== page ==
It’s time for my third annual Top 10 round-up. These don’t attempt to be comprehensive reviews…but rather an Amuse-bouche of the most stellar performances I witnessed by the Bay, in ’11. How in the world can I compare a Pop Star to a Handel opera, you ask? Well…I warm up the jcm-ulator, and out come the tabulated results. It doesn’t lie. I seem to be trending towards opera, with musicals taking a back seat. Why? They sing louder, higher and without mics?
1) RING Cycle, SF Opera details
With the carefully crafted characterizations of a stage play, this Cycle was a well-deserved hit and had the city abuzz with Wagner. Nina Stemme’s Brünnhilde was an utter triumph, equal parts true Wagnerian and singing actress. Stunning SFO leading role debuts were offered by Heidi Melton as Sieglinde, and Daveda Karanas as Waltraute. There wasn’t a weak link in the cast. Francesca Zambello’s concept was fortunately not too heavy-handed, largely staying out of the way of the story and score…more often informing it, and only periodically misstepping. I found the Industrial Revolution concepts throughout Das Rheingold to be the most iconic and potent. However, the mythic Die Walküre was the emotional highpoint, featuring the burnished, virile tenor of Brandon Jovanovich’s Siegmund. Siegfried was also surprisingly engaging. I had the good fortune of serving as Super Captain and Supernumerary in Walküre and Götterdämmerung.
2) Stacey Kent, Venetian Room, Fairmont Hotel details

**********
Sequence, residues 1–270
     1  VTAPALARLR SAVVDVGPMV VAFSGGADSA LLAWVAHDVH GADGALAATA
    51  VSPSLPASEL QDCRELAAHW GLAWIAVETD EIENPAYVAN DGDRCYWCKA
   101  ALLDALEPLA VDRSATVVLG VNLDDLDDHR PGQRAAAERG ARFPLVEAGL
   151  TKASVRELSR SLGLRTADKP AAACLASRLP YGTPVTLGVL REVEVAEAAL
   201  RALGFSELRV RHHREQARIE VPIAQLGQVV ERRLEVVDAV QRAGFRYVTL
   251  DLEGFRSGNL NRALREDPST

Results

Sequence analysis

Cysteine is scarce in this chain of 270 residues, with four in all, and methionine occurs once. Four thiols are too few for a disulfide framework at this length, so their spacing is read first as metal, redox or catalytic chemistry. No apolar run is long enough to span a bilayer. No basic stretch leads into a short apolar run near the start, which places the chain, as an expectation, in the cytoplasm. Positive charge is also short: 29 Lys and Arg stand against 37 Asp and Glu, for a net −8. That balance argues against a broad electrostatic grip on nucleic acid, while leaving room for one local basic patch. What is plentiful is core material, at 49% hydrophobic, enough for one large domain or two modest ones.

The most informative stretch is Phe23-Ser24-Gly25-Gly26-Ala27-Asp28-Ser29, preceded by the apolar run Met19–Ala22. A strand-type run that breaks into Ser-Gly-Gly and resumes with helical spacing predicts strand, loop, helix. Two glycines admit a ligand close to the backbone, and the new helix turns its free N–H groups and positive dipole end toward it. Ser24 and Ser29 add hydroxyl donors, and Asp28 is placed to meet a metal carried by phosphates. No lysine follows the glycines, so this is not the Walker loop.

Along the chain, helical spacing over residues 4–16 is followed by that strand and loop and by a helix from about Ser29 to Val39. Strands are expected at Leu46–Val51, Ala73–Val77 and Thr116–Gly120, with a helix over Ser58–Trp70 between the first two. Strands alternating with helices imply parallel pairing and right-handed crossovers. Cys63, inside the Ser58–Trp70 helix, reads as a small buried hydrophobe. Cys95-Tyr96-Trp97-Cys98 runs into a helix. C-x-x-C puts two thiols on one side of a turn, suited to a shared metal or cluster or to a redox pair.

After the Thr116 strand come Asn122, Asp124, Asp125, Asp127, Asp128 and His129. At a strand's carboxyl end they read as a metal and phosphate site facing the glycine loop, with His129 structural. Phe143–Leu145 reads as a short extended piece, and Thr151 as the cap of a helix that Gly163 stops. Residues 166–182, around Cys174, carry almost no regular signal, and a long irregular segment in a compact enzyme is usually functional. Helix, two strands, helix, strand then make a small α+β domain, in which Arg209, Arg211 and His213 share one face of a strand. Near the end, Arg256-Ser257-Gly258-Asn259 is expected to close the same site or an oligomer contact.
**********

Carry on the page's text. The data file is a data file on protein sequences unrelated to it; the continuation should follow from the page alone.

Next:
I fell in love with her voice three years ago. After stalking her tour schedule for a Bay Area performance, I got to experience her art live at last. She’s a real pixie…a gentle spirit, with a frail flutter to her vibrato. She completely transported me and her audience, casting a convincing spell. Her palpable, loving connection to her band leader, sax player and husband Jim Tomlinson added to the glow. She embodied “less is more,” drawing us in, rather than overworking her numbers in a too extroverted manner. Her set included lots of brazilian and french songs unfamiliar to me, some off her just released album. Come back soon Stacey!
It’s that time again! I’m serving up my second annual Top 10 LIVE Performances of the year. It’s a follow-up to my ‘09 list. Sadly, there are no Broadway shows on this list. I plan on remedying that in 2011!
1. Die Walküre, San Francisco Opera (Details)
This production offered one of the finest casts that could possibly be assembled for this opera (and The Ring) in the current operatic landscape. The production said some new things, and offered a few fresh perspectives, but didn’t try too hard, or overshadow the score. Maestro Runnicles is a Wagnerian master, and he and the orchestra rose to the occasion again. Yeah, I was a “Supernumerary” in the production, but I was able to watch much of it from the orchestra during rehearsals, and even accounting for my bias, this would still takes my top spot. Enjoy my full review here.
2. Scalpel! The Musical, Brava Theatre (Details)
Can you say fun? It had me at the opening number, with countless heals and drag runway walks. It was the first show I’ve seen in the Brava, and I immediately loved this venue…the warm lighting, the urban ambience, and the straight, raked seating offering direct views. Even with all the camp and hijinks, the entire cast was completely committed to the material. This was the second mounting of the show, and my fingers are crossed that it returns yet again. Apparently, there was a bit of a curse on the production, with multiple cast injuries (including a very unfortunate broken leg for leading man, Mike Finn), but they pushed through, with some quick and fortuitous replacements and prevailed. Picturing Sara Moore as “poop-raking” TV reporter Kitty Kelly (“Hardballs” host) still makes me laugh.
3. Heidi Melton: Salon at the Rex, The Rex Hotel (Details)